More players from both teams entered the stands while fans went out on the court to escape. Another fight broke out when Artest was back on the court and confronted by two fans, Alvin "A.J." Shackleford and Charlie Haddad.
Artest punched Shackleford and pushed over Haddad in the process. Jermaine O'Neal got involved by punching Haddad in the jaw after a running start. The scene became so volatile that arena security struggled to get everything back under control.
When leaving the court, the Pacers were pelted with debris, more soda was thrown and even a chair was launched.
The brawl resulted in the NBA suspending nine players for a total of 146 games with the suspended players all together losing in excess of $11 million of salary due during the suspensions.
Ron Artest, now all-around good guy who re-named himself Metta World Peace, was punished the most severely, losing close to $5 million and 86 games alone. I, for one, always hated Diet Coke too.
Okay, this one really isn’t a fan interference/incident per se, but I’m going to include it. In the 1984 All Valley Karate Tournament finals, Cobra Kai’s Johnny Lawrence was dominating newcomer Miyagi Do’s Daniel LaRusso and was well on his way to another championship.
Now, granted Lawrence’s sensei, John Kreese, was a tad psychotic and may have been a little over the top. And maybe he was overbearing and had mind control over Johnny when he told him to hurt Larusso, which he did.
In fact, Lawrence hurt Larusso so badly that he should have been unable to continue the match, therefore forfeiting the championship to its rightful owners, Lawrence and Cobra Kai.
But then, along comes Mr. Miyagi with his hand slap then rubbing them together for some kind of miracle cure thing. I call interference.
Miyagi’s interference cost Lawrence and Cobra Kai the championship which most definitely led to the end of their reign as the Valley’s No. 1 dojo.
Could a 12-year-old really alter an MLB American League Championship Series? A lot of Baltimore Orioles fans overwhelmingly would say yes.
This fan incident happened in 1996 during the ALCS with the New York Yankees trailing the Orioles 4-3 in the bottom of the eighth inning.
When Derek Jeter hit a deep fly ball to right field, right fielder, Tony Tarasco seemed to track the ball down, then 12-year-old Yankees fan Jeffrey Maier reached over the fence and deflected the ball into the stands.
Right field umpire Rich Garcia immediately called it a home run, tying the game 4-4. Tarasco and Baltimore manager Davey Johnson argued their case to no avail.
Johnson was ejected and the Yankees wound up winning the game on a Bernie Williams’ walk-off home run in the 11th. The Orioles protested the Maier play but nothing came of it.
Later, umpire Garcia admitted spectator interference but to cover himself said the ball was uncatchable. Now, to be fair, this all happened in Game 1, the Orioles went on to win the next game, losing the series 4-1 while the Yankees went on to win the World Series.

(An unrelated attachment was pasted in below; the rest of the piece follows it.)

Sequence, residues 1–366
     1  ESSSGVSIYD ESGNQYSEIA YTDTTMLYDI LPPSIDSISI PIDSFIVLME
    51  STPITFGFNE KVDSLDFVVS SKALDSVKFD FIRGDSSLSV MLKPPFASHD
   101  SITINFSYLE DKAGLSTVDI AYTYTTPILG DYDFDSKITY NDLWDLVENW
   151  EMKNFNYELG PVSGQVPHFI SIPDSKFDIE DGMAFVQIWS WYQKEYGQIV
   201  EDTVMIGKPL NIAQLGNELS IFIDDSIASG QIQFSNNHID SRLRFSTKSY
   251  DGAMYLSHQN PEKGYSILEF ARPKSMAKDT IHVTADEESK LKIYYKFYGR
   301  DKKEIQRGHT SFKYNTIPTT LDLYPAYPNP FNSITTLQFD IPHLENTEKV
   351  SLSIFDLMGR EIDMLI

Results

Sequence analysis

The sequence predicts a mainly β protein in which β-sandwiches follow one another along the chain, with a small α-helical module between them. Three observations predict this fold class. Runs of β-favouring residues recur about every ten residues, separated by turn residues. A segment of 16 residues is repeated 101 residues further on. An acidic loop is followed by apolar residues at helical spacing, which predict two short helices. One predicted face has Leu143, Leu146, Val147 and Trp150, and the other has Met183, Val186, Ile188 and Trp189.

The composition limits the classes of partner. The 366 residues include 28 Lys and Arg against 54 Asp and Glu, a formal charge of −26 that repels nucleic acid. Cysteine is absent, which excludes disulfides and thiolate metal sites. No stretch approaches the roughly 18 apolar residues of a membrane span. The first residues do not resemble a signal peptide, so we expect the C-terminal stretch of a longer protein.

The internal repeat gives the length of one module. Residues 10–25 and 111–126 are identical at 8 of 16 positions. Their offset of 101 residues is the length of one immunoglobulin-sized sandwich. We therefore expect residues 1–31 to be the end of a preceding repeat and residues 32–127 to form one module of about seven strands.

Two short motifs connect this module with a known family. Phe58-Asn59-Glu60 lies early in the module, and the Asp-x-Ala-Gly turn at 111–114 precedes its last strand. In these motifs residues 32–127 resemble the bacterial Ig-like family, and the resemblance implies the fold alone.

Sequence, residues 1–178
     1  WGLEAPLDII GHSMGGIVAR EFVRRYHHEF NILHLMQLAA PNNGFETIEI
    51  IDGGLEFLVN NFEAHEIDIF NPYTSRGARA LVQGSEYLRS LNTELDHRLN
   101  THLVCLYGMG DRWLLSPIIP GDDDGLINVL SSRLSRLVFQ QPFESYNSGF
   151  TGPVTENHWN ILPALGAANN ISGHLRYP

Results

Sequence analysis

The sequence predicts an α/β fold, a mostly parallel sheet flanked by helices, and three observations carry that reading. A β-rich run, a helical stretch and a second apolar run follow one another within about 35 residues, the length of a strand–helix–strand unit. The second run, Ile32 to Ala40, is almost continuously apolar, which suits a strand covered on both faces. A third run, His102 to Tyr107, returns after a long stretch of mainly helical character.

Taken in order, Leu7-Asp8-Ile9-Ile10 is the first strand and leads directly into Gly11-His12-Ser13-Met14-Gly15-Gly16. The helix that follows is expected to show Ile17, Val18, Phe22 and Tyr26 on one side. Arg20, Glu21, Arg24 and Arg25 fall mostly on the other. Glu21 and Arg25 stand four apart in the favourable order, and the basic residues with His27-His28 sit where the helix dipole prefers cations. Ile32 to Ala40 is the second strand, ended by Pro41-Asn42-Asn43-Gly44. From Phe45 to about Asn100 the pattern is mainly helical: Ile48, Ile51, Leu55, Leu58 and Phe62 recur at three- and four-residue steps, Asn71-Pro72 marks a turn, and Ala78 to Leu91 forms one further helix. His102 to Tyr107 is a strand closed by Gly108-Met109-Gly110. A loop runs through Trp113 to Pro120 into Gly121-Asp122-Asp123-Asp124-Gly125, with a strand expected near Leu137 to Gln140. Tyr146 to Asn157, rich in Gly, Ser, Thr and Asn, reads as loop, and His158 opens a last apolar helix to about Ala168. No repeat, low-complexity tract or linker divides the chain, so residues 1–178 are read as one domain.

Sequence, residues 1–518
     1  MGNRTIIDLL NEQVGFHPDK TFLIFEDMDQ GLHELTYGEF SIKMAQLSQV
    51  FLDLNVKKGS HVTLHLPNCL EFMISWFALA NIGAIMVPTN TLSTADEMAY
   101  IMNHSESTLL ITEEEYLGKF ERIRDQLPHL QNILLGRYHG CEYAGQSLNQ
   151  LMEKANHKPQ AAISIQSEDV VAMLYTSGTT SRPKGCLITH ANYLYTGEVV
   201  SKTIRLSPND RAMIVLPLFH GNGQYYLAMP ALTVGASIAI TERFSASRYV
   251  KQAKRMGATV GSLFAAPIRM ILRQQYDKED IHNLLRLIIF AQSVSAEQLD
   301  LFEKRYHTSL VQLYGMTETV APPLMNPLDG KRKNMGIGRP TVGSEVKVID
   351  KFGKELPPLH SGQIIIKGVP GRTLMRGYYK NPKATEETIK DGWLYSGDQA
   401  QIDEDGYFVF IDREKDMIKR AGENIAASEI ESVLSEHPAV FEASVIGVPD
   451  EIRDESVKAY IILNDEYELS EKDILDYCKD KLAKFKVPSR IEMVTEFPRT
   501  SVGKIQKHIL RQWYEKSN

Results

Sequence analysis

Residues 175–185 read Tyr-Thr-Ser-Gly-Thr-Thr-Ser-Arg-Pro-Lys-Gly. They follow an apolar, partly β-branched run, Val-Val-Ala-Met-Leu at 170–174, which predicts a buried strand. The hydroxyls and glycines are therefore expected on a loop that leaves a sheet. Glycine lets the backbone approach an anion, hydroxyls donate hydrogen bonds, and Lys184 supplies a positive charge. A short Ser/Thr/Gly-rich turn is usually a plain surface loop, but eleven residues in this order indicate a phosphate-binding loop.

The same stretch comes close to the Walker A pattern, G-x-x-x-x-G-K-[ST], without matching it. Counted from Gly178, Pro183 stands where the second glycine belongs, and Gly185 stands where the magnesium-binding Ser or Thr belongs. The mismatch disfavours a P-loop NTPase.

Maier was given the key to New York City by Rudy Giuliani, tickets behind the Yankee dugout later during that postseason and appeared on multiple talk shows.
Later in his life, he became quite the college baseball player, becoming Wesleyan University’s career hits leader. He never made it to bigs, though.
YouTube is not giving the video, but if you want to see it, just click on the following link.
Number one has to be the Bartman incident, right? I still feel sorry for this guy. It must have been a magical time for the Chicago Cubs Nation in October 2003. A die-hard fan base that hasn’t seen their beloved team win the World Series since 1908.
It was all about to happen, they were on their way to the World Series. The Cubs were actually about to win the NLCS, at Wrigley Field no less, imagine the huge party about to break out.
It was the eighth inning of Game Six, the Cubs were up 3-0 in the game against the Florida Marlins while holding a 3 games to 2 series lead.
Then, Marlins’ second baseman Luis Castillo hit a foul ball into left field where Cubs outfielder Moises Alou gave chase for the potential second out catch. Several fans tried to catch the foul ball but one fan, Steve Bartman, touched the ball, which disrupted the possible Alou catch.
Alou yelled at Bartman, then it was all downhill from there. Instead of a possible second-out catch, the Cubs gave up eight runs in the inning. They lost the game, then the series. Cubs Nation credited this incident as the start of the downfall, the reason they lost the series.
Bartman, a die-hard Cubs fan had to be escorted out by security guards and had to go under police protection after his name and address were made public on MLB message boards. He was seen as Public Enemy No. 1 throughout Chicago and was the butt of plenty of jokes, especially on Saturday Night Live.
The Illinois governor at the time, Rod Blagojevich, suggested Bartman go into the witness protection program. It got so bad that Bartman offered a public apology and the Cubs offered this press release:
"The Chicago Cubs would like to thank our fans for their tremendous outpouring of support this year. We are very grateful. We would also like to remind everyone that games are decided by what happens on the playing field — not in the stands. It is inaccurate and unfair to suggest that an individual fan is responsible for the events that transpired in Game 6.
"He did what every fan who comes to the ballpark tries to do — catch a foul ball in the stands. That's one of the things that makes baseball the special sport that it is. This was an exciting season and we're looking forward to working towards an extended run of October baseball at Wrigley Field."